"One of my largest jobs within the company is really trying to analyze our waste, what we're throwing away and how we can be better," said Lyons, "... So I started looking around at single-use plastic products and single-use paper products, just trying to see what had the biggest impact, which is how I found The Last [Plastic] Straw movement."

On April, Lyons made the local news when she asked Bittercreek and Red Feather staff to make a Boy Scouts-style pledge marking the conversion at a staff meeting; they recited a jokey oath while holding their hands aloft making the peace sign.

"We recorded this thing just to be cute and throw it up on Instagram, and then all of a sudden it had like 5,000 views in like two days, which was crazy because it legitimately was just supposed to be a funny, cute staff thing to get everybody in the know and engaged, but our guests just adored it," Lyons said.

Aardvark topped Lyon's list because its products are made in the U.S. from paper that's in compliance with the Forest Stewardship Council and the Sustainable Forestry Initiative. Plus, they can last up to an hour in an alcoholic beverage and three hours in a glass of water without breaking down.

"But while that's really cool, and in your drink it won't affect your experience, it actually only takes these paper straws 30 to 60 days to fully decompose in the landfill," Lyons said. She added that offering straws on request will also significantly lower their yearly order: before, the two restaurants purchased a total of 130,000 plastic jumbo straws and 90,000 plastic stir straws a year.

"And that's normal," Lyons said. "That's kind of the crazy thing. Those numbers sound massive, but that's actually normal practice for most restaurants."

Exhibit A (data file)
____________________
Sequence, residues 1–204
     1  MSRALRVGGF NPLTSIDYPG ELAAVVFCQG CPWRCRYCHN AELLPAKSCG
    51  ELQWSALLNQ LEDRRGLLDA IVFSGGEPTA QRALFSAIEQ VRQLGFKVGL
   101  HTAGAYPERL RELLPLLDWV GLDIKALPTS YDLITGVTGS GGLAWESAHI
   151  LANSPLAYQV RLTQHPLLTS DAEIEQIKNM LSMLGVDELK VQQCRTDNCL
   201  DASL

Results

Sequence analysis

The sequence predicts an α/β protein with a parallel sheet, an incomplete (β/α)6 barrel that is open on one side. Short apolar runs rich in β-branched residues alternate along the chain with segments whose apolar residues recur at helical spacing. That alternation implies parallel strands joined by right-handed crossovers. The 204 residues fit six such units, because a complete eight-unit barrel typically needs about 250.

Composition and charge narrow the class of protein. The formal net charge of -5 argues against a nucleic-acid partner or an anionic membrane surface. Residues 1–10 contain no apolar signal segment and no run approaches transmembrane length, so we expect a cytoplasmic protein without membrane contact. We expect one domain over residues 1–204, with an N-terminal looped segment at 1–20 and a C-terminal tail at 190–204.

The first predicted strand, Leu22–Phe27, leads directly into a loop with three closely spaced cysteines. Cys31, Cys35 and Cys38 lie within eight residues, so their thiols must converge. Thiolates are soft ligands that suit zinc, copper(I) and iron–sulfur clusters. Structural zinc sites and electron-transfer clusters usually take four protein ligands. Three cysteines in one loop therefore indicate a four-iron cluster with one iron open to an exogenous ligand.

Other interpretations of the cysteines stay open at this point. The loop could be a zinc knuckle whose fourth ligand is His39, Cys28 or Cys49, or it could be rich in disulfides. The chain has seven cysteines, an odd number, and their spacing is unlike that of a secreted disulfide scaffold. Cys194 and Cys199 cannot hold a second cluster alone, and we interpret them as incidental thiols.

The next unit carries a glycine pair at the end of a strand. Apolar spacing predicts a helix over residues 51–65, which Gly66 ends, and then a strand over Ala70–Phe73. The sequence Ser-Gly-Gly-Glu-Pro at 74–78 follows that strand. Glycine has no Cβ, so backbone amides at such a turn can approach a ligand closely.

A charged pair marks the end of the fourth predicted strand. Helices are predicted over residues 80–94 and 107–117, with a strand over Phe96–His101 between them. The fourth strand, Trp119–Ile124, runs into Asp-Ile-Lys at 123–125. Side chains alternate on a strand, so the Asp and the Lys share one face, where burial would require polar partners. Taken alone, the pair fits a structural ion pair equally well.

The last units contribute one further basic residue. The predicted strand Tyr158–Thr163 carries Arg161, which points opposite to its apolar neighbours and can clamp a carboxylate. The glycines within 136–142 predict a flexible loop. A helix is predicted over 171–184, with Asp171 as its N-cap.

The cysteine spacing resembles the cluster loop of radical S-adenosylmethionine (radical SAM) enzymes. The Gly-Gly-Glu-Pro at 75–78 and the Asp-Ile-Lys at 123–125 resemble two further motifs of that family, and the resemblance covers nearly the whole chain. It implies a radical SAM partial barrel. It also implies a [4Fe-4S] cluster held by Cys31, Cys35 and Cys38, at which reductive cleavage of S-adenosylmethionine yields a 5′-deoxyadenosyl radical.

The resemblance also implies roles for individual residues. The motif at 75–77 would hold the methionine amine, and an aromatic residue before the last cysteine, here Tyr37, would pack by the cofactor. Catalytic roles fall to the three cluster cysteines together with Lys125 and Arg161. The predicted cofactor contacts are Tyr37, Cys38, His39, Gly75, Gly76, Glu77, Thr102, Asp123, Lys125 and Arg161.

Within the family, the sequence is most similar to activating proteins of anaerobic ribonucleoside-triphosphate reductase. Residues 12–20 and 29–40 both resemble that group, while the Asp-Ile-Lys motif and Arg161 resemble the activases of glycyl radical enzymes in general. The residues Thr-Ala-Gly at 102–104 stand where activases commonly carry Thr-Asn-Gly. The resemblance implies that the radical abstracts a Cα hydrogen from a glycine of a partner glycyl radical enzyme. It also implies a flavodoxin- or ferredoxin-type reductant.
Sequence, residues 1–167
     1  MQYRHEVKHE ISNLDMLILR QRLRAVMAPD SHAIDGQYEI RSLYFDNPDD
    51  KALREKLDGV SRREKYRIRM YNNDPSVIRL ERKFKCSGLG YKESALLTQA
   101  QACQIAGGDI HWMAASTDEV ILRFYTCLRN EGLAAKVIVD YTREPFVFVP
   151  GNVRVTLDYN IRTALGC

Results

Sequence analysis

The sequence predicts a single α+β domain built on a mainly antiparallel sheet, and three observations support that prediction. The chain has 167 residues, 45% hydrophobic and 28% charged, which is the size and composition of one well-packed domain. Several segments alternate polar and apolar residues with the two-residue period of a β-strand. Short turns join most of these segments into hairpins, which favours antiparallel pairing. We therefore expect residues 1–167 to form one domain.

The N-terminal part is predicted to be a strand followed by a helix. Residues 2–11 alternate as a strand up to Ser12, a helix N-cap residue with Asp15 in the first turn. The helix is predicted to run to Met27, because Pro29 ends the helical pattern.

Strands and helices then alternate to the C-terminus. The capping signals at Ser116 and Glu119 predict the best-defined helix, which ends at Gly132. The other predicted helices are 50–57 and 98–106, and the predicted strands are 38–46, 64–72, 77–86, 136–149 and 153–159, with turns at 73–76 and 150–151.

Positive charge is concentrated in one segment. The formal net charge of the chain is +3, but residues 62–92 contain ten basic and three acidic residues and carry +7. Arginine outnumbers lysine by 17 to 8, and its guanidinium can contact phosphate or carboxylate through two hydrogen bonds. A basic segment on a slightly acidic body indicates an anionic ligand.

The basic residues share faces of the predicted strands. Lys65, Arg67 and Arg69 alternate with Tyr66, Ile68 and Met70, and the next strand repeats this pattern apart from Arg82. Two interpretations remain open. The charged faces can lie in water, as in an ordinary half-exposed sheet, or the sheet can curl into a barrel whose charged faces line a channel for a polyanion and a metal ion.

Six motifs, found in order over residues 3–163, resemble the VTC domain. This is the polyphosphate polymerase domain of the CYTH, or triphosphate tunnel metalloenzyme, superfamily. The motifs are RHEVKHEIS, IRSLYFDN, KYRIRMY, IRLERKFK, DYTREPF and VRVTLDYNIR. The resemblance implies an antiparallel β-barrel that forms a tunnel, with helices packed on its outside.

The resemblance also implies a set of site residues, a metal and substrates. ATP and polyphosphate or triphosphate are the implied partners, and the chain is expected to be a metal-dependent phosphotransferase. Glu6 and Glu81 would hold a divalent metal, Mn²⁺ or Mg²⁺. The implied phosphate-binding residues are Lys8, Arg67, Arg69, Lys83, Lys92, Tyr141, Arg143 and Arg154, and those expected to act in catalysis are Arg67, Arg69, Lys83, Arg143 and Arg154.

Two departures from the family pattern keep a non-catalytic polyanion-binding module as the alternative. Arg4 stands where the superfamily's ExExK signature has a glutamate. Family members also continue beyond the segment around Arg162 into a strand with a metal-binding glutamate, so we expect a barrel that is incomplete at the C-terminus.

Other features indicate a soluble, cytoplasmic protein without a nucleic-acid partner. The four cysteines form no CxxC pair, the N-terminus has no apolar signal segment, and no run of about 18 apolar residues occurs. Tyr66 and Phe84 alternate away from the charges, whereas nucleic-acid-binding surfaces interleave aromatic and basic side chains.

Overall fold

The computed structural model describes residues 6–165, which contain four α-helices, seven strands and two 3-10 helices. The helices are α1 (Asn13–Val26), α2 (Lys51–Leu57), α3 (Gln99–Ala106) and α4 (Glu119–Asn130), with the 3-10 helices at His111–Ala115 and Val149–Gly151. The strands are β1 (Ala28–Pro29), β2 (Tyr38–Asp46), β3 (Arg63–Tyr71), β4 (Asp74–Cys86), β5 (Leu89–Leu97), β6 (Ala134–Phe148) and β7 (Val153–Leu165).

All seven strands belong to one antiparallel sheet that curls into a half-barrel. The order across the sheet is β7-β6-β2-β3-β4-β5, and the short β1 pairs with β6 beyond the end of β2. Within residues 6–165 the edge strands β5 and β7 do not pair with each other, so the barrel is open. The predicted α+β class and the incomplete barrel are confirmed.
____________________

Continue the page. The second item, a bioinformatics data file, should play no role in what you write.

Eureka!, another restaurant on Eighth Street, will make the same change in early June. According to Beverage Director Trevor Tyler, the Hawthorne, California-based company has been preparing for the switch for a while.

"It's actually something that I've been trying to initiate at Eureka! for the past year," said Tyler, who works out of the company's Los Angeles office. "We've slowly been testing it in certain markets for the past six months, and we've just seen so much great feedback and success ... Even though it's probably a small effect, every little thing helps."

Boise's restaurant wasn't a test market, but Tyler said the Eighth Street eatery will transition to paper next month. Because the chain is ordering straws for all 23 restaurants from Aardvark, it will score a price of 3.2 cents per straw (as opposed to .4 cents for plastic), making the change both environmentally savvy and relatively affordable.

Colin Hickman, the communications manager for the City of Boise Department of Public Works, said city officials are on board with restaurants ditching single-use plastics, and are looking into ways to make them more recyclable. These changes hinge on the city's recently implemented recycling initiative in partnership with Renewlogy, a Salt Lake City company that has agreed to turn Boise's plastics into biofuel.

"It's residential-only at this point, but [the city is] hopefully looking to expand the Hefty energy bag program to commercial in the long term," said Hickman. "And things like plastic straws are accepted in the energy bags ... We'll be sending out materials to all the commercial customers in the next few weeks about some of the recycling changes, but then also offering ourselves up as a resource. Within Public Works we have a few staff, one in particular, dedicated to commercial recycling."

Though these are big steps for a mid-sized city, on a national and global scale, Boise is still a bit behind the curve. In 2011, 9-year-old activist Milo Cress started a movement in Burlington, Vermont, called the Be Straw Free campaign, which went so far as to influence both the National Park Service, which has stopped using plastic straws at more than a dozen of its properties; and the National Restaurant Association, which now advocates the use of paper straws on request as a "best practice." Plus, The New York Times reported in March that entire cities—including Malibu, Davis and San Luis Obispo in California, Miami Beach and Fort Myers in Florida, and Seattle—have banned or restricted restaurant use of plastic straws. Abroad, a ban of all single-use plastics will go into effect in Taiwan by 2030, and Scotland will say goodbye to plastic straws by 2019. In the United Kingdom, the New York Post reports fast food giant McDonald's will start trial runs of paper straws in May. Still, thanks to local innovators, Boise is getting on the environmental track.

"I really think that in the next five to 10 years you're going to see plastic straws being less and less used, and hopefully obsolete in the next 10 years or so," said Tyler. "We're just doing our part."